Howes: Revolutionary self-driving rules pushing Detroit

Daniel Howes
The Detroit News

Michigan Sen. Gary Peters has long worried that arcane federal rules would be the biggest obstacle to American development of self-driving car technology, undermining the Detroit-based automakers and the rest of the industry.

The self-driving legislation, approved by the House on Wednesday, traces a rare bipartisan consensus in President Donald Trump’s Washington that signals otherwise. It’s a big step forward for a suite of technology sure to transform the auto industry in ways not seen since Henry Ford’s moving assembly line helped put the world on wheels.

Automakers could run and test up to 100,000 vehicles each on American roads, under the bill that now heads to the Senate, and states would be barred from passing legislation to prevent such testing. The biggest innovation: over time, self-driving vehicles effectively would be exempt from federal standards requiring they be piloted by human drivers.

U.S. senators Gary Peters and Debbie Stabenow, Lt. Gov. Brian Calley and Gov. Rick Snyder and John Maddox, President and CEO of American Center for Mobility, break ground on the project in November 2016.

Revolutionary doesn’t begin to describe what is being contemplated by the legislation. The century-old auto industry that partly defines the industrialized West, as well as the aggressive ambitions of China, are preparing a shift into another phase of transportation that aims to replace living, breathing drivers with a welter of sensors powered by software and reams of Big Data.

Peters, a member of the Senate Commerce, Science and Transportation Committee, is co-sponsoring legislation with Chairman John Thune, R-S.D., that would prioritize safety, encourage innovation and reduce regulatory roadblocks.

The bill would aim to be technology-neutral, ensuring that whatever federal self-driving rules Congress sends to the president do not favor specific technologies, industry sectors or companies. It also would clarify the different roles of federal and state regulators.

It’s “certainly encouraging to have movement in the House in a bipartisan way,” Peters, D-Bloomfield Township, told The Detroit News in an interview. “We’ll try to do the same in the Senate. This technology is coming, it’s moving very rapidly, and being first in developing it is very important for our economy. Time is not on our side.”

No, it’s not. And the push is global, with China’s largest-in-the-world market and its central-government bureaucrats wielding enough power to bend to its will automakers and the tech community epitomized by Silicon Valley.

Persuading federal lawmakers that autonomous vehicles are for real is one thing. Persuading consumers that those cars soon will be plying American streets and sitting in its showrooms is another. On that score, the auto industry has some work to do, according to a survey released Wednesday.

AlixPartners LLP, a consultant to the global auto industry with offices in Southfield, found that 29 percent of the 1,567 adults surveyed between July 27 and Aug. 2 would pay $2,600 more to buy an autonomous vehicle. But 49 percent said they are not confident enough in the technology to consider buying one, with 55 percent saying they are “unlikely” to buy one.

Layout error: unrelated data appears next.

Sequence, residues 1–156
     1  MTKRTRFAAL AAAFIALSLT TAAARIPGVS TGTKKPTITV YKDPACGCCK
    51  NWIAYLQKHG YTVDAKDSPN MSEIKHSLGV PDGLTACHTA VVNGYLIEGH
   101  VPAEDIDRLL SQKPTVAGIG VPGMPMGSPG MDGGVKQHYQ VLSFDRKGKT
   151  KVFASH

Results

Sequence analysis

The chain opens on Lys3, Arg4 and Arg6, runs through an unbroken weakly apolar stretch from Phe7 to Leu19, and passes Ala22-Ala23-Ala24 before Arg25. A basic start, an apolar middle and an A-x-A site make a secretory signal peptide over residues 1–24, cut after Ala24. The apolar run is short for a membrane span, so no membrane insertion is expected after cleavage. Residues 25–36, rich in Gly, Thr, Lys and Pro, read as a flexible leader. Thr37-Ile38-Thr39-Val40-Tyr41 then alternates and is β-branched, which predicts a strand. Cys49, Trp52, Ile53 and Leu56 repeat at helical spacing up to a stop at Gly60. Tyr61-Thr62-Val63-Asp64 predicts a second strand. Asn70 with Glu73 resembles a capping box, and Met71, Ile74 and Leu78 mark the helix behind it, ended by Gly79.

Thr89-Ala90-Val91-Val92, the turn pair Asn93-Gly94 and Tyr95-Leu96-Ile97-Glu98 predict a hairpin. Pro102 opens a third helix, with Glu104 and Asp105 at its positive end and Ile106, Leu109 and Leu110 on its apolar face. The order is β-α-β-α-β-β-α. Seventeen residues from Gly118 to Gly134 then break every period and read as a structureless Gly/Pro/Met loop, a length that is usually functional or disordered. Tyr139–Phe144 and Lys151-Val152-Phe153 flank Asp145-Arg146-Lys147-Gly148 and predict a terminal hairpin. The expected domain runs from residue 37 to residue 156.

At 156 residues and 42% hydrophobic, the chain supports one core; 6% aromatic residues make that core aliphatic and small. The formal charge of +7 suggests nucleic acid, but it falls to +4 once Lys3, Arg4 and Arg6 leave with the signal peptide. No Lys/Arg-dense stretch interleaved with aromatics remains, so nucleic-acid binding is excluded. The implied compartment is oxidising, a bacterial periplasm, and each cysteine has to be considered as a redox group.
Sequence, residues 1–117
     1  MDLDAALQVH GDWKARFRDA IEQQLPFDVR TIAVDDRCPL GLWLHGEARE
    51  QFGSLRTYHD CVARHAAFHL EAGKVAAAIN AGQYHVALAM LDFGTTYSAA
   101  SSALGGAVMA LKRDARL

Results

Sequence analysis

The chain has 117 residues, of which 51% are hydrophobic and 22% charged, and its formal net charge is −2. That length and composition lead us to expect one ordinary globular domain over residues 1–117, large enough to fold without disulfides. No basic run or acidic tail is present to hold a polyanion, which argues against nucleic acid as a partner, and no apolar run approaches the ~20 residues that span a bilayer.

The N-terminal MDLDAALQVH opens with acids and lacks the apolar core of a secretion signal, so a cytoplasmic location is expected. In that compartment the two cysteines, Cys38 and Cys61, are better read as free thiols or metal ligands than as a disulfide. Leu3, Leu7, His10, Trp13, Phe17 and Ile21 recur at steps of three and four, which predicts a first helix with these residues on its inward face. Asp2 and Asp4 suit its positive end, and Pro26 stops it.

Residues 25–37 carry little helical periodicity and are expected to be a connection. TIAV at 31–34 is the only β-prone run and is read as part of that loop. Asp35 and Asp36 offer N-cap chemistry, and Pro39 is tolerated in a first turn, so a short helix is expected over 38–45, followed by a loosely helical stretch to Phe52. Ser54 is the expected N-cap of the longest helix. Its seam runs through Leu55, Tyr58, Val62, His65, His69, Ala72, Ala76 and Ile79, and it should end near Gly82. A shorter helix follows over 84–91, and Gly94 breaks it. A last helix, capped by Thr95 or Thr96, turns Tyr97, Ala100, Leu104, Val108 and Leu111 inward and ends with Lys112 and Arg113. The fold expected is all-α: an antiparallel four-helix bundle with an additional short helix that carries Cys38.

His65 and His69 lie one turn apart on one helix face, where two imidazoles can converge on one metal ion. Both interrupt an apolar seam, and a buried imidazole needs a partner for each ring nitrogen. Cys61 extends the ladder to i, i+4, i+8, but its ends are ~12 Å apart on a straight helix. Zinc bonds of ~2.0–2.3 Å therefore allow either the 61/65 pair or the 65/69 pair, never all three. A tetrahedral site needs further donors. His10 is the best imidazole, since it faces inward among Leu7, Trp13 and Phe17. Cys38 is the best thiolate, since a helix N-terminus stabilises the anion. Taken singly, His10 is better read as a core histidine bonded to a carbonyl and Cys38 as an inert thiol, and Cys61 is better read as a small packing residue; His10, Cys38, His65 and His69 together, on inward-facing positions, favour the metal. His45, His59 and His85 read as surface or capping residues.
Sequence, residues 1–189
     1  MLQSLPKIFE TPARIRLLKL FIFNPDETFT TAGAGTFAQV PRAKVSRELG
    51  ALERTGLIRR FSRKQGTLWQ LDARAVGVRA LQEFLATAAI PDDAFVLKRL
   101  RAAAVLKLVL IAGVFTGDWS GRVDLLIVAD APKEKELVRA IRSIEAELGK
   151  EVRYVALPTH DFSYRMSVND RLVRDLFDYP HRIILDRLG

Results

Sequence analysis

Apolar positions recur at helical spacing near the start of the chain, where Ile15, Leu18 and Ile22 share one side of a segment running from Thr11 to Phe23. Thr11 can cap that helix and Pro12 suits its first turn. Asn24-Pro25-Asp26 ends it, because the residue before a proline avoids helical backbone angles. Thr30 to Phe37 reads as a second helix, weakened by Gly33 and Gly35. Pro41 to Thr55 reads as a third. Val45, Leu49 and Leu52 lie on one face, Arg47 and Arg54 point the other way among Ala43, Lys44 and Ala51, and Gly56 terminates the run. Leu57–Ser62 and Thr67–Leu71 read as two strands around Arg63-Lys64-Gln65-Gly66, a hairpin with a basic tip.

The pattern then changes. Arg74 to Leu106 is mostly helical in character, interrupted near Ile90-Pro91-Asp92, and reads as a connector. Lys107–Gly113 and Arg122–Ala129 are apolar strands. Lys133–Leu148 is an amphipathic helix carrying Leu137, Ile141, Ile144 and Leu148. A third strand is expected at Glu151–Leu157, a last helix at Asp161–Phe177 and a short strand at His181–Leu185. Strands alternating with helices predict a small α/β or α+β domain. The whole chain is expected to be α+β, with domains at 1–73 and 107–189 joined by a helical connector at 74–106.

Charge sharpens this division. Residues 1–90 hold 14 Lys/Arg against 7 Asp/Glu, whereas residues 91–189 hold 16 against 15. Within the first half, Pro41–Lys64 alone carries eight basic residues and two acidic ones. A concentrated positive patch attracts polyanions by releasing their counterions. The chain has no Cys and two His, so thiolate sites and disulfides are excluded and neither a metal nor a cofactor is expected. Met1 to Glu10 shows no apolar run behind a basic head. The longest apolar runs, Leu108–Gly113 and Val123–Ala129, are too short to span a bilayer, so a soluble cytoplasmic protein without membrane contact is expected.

More sobering for the likes of General Motors Co. and Ford Motor Co., to cite two hometown examples: only 10 percent of the respondents trust automakers to develop the software to control self-driving vehicles, compared to 78 percent who would trust high-tech companies to develop similar software.

Just because the global auto industry possesses the technical acumen to develop, assemble and integrate technology into self-driving vehicles, would-be consumers are far less persuaded they have the software chops to field safe autonomous cars.

That’s a challenge for Detroit, especially, still trying to shed the stigma of bankruptcy and near-collapse. But it helps explain why GM, Ford and Fiat Chrysler Automobiles NV are scouring Silicon Valley and its satellite locations for technical expertise they can buy, leverage or both.

They have a technology deficit, probably more perceived than real; they’re facing an enormous threat to their traditional car and truck business, still the generator of principally all their revenue and profit; and they’re contending with a rapid pace of change skeptics believe their cultures are not necessarily built to handle.

Recognizing the speed of change is not the same as responding effectively to it. For the automotive capital of the world, the challenge is not just persuading would-be customers that self-driving cars are legitimate and at least a partial answer to future transportation.

It’s increasing their competitive metabolism enough to effectively compete with Silicon Valley rivals — or face a reckoning every bit as humbling, and potentially disastrous, as that visited here during the global financial meltdown.


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Daniel Howes’ column runs Tuesdays, Thursdays and Fridays. Follow him on Twitter @DanielHowes_TDN, listen to his Saturday podcasts, or catch him 3 and 10 p.m. Thursdays on Michigan Radio’s “Stateside,” 91.7 FM.